And it certainly doesn’t cut it in music. As you mentioned, you know, in an era when we have so much.

Are there any other challenges, your mistakes? You see artists having trouble with.

I think that those fundamental elements of, you know, work ethic having, you know, thinking about your commitment to this, those It’s not that they’re mistakes. It’s that I think that, you know, you need to be thinking about these things before proceeding on a career and looking at yourself and really being honest and saying, do I have the work ethic?

Do I have that level of commitment to spend years building, building, building, because it doesn’t happen in 20 minutes? And for those instances that you can point to where somebody had a career very, very quickly, nine times out of ten, as you well know, that career ended just as quickly where it was like an event and then it went away. It’s like the person who has, you know, a gigantic debut.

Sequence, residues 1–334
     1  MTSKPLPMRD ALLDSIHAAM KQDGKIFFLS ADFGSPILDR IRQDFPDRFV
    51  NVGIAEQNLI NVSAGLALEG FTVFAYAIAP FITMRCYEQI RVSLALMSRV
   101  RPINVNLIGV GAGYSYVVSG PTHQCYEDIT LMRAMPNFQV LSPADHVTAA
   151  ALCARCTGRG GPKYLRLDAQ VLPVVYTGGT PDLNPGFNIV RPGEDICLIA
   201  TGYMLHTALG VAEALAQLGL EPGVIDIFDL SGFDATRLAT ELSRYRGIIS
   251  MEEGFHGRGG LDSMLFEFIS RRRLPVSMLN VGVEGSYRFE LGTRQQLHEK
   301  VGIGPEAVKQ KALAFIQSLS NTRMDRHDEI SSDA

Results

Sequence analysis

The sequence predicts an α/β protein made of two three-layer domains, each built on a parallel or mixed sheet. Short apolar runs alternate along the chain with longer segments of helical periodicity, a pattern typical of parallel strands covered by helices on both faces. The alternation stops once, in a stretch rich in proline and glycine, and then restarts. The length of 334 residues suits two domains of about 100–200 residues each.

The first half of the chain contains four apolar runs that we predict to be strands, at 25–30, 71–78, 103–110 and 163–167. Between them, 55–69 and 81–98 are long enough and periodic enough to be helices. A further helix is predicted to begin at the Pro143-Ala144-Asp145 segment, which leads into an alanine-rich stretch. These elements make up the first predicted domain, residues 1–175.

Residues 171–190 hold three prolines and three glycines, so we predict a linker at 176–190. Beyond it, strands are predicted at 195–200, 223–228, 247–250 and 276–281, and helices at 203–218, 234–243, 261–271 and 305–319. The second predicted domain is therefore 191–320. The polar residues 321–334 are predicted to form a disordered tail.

Very few people in history ever can sustain that. It’s, you know, this is a marathon it’s not it’s not a race. It’s not an event. The idea is to have a long term career. And whether you’re the Rolling Stones or Barbra Streisand or, you know, any you know, Madonna, it doesn’t matter who the artist is. They’ve all had ups and downs.

But the idea is that they’ve had a career, a long career. Sometimes it was you know, they were at the top and other times they weren’t. And that’s the commitment. I think, you know, if you say mistakes, it’s that’s the thing I think most artists need to be thinking of when they’re getting into this. Do I really have the drive and the desire?

Is this the most important thing in my life? And if it’s not, then try to think of what is the most important thing in your life and commit your time, energy and focus to that. You need to be honest about that with yourself. You know, I think that’s true with any area of the arts.

Being a filmmaker, a writer or a recording artist, this is a life. It’s a life. It’s not a well, if I do one, two, three and four, OK, that’s over with. Now, I can be you know, it doesn’t work like that. So that’s my advice on that.

This concludes our video titled How to Plan for a Successful Music Career. We’d like to thank Ritch Esra for sharing his valuable experience and insights with us.